Ann Marie Marciarille:
PrawfsBlawg: Up In Smoke: [T]he ACA's much vaunted promise to end both pre-existing condition exclusions and individual underwriting of insurance risk…. There are some exceptions… use of tobacco products…. The ACA permits premiums to vary based on tobacco use by a factor of 1.5. And the premium supports available to low income individuals are not available for the tobacco use premium band bump.
What does this really mean for older low income tobacco users?… [I]nsurers could apply a different -- and considerably lower -- surcharge for tobacco use on younger smokers than on older smokers… could knock a substantial number of older smokers into a very familiar kind of uninsurability known as unaffordability… an un-subsidized tobacco premium surcharge of perhaps $4,000 a year…. (Of course, were you an older low income citizen intent on evading the individual mandate you could take up smoking and game yourself into the exceeds 8% of houshold income exemption for the individual mandate.)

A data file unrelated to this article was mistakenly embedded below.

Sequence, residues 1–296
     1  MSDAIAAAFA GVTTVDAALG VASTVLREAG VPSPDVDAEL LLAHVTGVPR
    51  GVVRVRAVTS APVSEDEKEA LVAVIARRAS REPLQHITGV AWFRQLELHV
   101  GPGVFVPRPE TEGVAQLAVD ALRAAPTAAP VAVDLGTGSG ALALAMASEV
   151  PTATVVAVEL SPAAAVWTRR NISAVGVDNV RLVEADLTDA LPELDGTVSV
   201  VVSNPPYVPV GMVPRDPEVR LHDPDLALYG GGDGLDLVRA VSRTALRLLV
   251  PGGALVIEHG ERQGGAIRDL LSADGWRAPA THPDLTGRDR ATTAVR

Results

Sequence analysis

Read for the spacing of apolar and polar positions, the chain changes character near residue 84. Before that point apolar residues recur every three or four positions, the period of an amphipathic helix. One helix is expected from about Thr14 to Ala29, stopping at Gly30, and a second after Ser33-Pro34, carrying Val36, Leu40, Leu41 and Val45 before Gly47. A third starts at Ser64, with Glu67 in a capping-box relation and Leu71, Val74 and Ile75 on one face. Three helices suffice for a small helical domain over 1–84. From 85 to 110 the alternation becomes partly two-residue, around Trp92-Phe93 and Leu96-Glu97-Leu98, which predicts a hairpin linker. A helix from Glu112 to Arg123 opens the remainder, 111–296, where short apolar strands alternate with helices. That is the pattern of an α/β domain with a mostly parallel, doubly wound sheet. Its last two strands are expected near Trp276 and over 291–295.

All of this makes some actuarial sense…. All of this may not make the most public health sense, however. If higher unsubsidized premiums are designed to discourage tobacco use, there is little doubt that shorter term tobacco users have a higher success rate at quitting. Older smokers -- say a 57 year old male -- tend to be those with a pretty hard core addiction to nicotine, an addiction intensity not evenly distributed among the smoking population.